Living up to my (Domain) Name

So this is half announcement and half musing over the wonderful conversation I just had with my friend Aaron. tl;dr: I’m now hosted at, and sometimes you fail and fall so hard in the process of hitting your target you wonder if you weren’t built to be a bombshell.

First of all, this Wayward Will’ll soon be moving to his own, self-hosted domain! This is great news for you and me, dear readers, because then I’ll have all SORTS of control over the content I post here, and you’ll get more bang for your buck (or at least the valuable time you spend reading). Unfortunately, this also means that my domain name will change (which I’ll announce as soon as I can), so I’ll try to keep y’all updated on where all this will be in the near future.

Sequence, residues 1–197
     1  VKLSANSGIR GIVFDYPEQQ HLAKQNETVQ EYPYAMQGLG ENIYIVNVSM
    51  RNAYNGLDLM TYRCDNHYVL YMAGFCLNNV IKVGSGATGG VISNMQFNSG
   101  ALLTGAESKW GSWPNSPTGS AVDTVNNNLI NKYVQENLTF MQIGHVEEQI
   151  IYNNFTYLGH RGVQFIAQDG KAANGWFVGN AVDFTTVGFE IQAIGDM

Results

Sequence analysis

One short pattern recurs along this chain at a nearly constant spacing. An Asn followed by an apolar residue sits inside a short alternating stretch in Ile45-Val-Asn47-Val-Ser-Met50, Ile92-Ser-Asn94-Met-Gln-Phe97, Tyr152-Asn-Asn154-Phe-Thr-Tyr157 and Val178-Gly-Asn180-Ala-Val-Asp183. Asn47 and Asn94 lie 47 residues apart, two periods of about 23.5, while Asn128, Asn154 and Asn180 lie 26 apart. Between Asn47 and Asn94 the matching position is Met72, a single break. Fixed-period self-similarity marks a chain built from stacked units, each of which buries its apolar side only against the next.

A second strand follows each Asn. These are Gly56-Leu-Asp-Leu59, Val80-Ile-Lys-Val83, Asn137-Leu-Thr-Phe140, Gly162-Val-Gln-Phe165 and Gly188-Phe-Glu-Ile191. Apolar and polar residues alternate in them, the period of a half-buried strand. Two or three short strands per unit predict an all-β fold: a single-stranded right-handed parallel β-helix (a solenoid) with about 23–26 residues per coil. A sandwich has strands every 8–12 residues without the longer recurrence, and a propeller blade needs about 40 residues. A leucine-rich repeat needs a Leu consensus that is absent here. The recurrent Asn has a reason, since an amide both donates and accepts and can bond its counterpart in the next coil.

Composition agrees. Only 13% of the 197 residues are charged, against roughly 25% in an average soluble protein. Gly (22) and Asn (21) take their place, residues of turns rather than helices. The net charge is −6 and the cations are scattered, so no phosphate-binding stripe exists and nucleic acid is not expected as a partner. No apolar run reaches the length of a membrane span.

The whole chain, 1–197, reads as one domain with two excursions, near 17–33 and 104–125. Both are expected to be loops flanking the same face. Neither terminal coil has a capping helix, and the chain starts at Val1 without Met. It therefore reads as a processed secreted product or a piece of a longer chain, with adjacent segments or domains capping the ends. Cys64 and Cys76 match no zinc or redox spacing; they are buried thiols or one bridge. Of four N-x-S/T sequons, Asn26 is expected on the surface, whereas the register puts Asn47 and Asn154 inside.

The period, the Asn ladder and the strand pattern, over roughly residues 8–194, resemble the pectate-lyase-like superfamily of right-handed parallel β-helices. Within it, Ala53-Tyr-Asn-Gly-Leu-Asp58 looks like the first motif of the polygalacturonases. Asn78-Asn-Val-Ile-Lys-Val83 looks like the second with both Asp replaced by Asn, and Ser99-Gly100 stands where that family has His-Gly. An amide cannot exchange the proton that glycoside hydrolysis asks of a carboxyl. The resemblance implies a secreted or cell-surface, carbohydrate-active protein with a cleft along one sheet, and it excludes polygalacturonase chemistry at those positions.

Secondly, and more importantly, though, is a lesson I’m still learning about persistence and failure. So, for all of you out there who want to start a legit blog, perk those ears up. I want far more than what this platform can give me, so I tried to upgrade to

When you upgrade to the far more robust (and whatever hosting site like Bluehost or Siteground you choose to use), you’ve got to download WordPress onto your computer. Now, this is a problem, because although I love my Samsung Chromebook (Wi-Fi, 11.6-Inch) – Silver (Certified Refurbished), I soon found that even dual-booting my chromebook with Ubuntu didn’t give me the power (or the practicality) I needed. So, I got myself a nice, cheap laptop courtesy of Hanoi Computers.